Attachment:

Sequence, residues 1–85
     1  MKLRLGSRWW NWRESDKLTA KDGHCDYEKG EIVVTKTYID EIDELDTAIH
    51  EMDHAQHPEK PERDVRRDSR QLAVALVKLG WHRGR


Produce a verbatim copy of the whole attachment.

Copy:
Sequence, residues 1–85
     1  MKLRLGSRWW NWRESDKLTA KDGHCDYEKG EIVVTKTYID EIDELDTAIH
    51  EMDHAQHPEK PERDVRRDSR QLAVALVKLG WHRGR